On Jul 26, 2005, at 1:06 PM, jason marshall wrote:
> We are retrieving files via svn+ssh, from an FSFS repository on our
> LAN. 'svn up' takes a good ten minutes (and 60M of memory) to run
> before it finally asks for my password. What it's doing during this
> time period, I cannot say,
It's crawling over every directory in your working-copy tree, loading
the .svn/entries file into memory, then describing the revision of
each file to the server. It's also dropping a lockfile into
each .svn/ area, to prevent other svn clients from changing the
Once that's all done, the server has a 'snapshot' of your working-
copy which it then compares to the latest revision. The server then
sends back a tree-delta which the client applies.
> If I should unsurprisingly get bored or step away
> from my computer, I may miss this prompt. At this point the clock is
> ticking before the connection is lost, and by the time I type in my
> password, it may be too late.
That's ssh prompting you, not svn. There must be a parameter
somewhere to tell sshd not to time out. (Subversion certainly has
that for its own prompting.)
> In this case, I get a "Connection
> closed unexpectedly" error, and running 'svn up' again tells me that:
The ssh daemon cut you off.
> svn: Working copy '.' locked
> svn: run 'svn cleanup' to remove locks (type 'svn help cleanup' for
Hm, if the connection is forcibly closed in the middle of an update
(or any network error happens), I think the subversion client could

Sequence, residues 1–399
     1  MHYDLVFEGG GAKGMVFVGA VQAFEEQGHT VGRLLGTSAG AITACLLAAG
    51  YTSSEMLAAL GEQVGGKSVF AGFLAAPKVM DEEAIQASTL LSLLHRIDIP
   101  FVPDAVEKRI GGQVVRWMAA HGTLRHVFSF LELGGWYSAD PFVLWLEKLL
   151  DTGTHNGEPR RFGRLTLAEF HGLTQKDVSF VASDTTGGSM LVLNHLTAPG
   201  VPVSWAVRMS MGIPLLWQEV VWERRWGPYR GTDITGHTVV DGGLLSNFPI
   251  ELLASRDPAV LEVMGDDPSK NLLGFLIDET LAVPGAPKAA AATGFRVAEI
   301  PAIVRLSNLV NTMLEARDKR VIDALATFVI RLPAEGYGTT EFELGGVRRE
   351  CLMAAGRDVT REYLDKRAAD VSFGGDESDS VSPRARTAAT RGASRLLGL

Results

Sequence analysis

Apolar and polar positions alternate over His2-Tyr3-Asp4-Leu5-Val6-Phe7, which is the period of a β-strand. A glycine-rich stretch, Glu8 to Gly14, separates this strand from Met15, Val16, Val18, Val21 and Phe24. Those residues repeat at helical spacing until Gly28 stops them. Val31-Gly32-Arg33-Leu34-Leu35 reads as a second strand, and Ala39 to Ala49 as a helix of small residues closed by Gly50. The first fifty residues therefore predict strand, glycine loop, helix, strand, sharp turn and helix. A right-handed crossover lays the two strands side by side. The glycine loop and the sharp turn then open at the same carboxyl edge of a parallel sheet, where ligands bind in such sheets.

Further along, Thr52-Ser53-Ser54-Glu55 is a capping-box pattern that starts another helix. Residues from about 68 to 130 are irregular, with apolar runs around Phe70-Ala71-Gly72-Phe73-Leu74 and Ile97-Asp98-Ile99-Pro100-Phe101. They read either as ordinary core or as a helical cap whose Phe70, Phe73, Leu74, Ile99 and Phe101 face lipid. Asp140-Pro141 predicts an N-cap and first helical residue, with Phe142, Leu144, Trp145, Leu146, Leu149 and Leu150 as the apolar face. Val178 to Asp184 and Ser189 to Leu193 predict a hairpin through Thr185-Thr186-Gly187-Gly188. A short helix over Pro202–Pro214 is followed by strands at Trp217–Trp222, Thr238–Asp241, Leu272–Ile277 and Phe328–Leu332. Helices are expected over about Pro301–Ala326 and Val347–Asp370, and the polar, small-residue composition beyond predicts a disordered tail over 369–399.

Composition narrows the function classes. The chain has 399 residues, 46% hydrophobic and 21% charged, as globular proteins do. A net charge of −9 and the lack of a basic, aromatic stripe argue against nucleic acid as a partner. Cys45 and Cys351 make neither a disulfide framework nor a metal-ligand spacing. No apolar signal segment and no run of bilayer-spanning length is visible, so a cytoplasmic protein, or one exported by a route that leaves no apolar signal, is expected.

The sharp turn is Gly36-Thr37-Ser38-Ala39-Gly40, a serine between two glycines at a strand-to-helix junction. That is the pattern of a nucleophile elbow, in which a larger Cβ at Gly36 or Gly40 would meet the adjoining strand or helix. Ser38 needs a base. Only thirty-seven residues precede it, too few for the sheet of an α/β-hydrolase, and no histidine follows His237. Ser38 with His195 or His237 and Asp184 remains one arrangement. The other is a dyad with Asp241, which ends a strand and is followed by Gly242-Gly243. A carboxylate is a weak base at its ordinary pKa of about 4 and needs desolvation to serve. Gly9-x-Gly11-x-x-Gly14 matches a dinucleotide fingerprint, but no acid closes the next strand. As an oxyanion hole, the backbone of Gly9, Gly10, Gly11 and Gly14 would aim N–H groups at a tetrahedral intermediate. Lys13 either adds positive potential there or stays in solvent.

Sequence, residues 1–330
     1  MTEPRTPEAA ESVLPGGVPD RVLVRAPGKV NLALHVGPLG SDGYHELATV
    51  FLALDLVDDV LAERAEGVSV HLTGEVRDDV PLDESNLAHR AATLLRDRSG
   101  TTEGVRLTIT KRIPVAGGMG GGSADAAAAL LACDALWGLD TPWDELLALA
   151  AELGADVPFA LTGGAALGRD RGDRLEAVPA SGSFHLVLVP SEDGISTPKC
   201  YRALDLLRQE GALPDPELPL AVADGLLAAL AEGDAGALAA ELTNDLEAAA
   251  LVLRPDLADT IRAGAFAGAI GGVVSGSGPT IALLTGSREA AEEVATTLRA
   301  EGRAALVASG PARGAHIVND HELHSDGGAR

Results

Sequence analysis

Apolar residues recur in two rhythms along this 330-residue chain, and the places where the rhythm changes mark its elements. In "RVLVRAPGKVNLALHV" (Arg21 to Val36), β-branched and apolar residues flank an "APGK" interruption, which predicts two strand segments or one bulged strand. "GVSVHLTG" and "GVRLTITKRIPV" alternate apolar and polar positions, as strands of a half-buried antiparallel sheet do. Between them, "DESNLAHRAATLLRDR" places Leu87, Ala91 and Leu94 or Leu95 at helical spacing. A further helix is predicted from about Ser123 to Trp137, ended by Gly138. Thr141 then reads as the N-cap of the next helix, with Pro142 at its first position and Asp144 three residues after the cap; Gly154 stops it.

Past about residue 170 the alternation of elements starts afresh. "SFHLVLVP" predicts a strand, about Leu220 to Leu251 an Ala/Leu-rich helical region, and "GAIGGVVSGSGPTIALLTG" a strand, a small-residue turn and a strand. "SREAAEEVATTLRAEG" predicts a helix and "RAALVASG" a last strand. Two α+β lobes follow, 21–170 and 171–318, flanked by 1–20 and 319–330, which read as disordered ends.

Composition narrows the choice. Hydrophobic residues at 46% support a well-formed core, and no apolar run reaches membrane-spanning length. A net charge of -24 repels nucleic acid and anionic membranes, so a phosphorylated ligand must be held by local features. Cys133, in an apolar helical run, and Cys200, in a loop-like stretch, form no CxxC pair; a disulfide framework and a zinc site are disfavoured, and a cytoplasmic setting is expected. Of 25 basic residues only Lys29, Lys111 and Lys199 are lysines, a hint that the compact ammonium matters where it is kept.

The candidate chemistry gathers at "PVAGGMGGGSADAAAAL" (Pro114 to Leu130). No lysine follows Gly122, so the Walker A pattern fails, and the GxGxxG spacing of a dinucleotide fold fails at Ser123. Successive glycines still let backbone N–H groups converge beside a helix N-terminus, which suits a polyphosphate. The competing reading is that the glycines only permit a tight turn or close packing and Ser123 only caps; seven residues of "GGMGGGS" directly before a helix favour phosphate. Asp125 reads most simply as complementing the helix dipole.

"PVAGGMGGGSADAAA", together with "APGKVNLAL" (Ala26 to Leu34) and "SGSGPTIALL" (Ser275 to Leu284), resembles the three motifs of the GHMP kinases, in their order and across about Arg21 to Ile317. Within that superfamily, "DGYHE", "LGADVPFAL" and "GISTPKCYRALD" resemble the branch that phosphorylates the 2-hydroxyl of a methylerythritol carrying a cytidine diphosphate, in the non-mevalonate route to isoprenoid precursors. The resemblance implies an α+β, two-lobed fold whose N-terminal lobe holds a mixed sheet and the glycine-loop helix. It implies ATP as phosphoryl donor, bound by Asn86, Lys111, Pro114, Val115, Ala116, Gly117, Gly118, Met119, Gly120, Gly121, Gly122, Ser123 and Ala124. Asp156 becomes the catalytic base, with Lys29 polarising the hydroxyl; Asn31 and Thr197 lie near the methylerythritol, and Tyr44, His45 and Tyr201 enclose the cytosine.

do better. It should be able to notice and do 'cleanup' itself.
> In which case svn cleanup can take another 20 minutes to run
And that's because it's going through each .svn/ area again, removing
all the lockfiles it left behind.
All that said, you've got many cards stacked against you here.
You're in the worst of all possible worlds:
* the svn client does a *lot* of processing of small files in
the .svn/ area. NTFS is particularly slow at this sort of thing. On
average, disk-intensive svn client operations typically take 2x as
long on Windows than on Unix.
* you have ridiculously large working copy. Nearly every common
svn client command -- 'update', 'commit', 'status', etc. -- involves
recursively walking the working copy to discover things. (Update
needs to discover the version of each file; commit and status need
to discover which files have changed.)
The best answer here is: "Don't Do That." Work with smaller pieces
of the working copy. Either check out smaller subsets of the
project, or be *selective* about how you run these commands. Don't
just run 'svn up' from the top of Mount Everest; cd down into some
sub-area that you're working on, and run update from there. (Or run
'svn up some\sub\area\'.) This will also stop the client from using
so much memory when it caches 5.89824e37 .svn/entries files.
Hope this helps.
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Received on Tue Jul 26 21:17:33 2005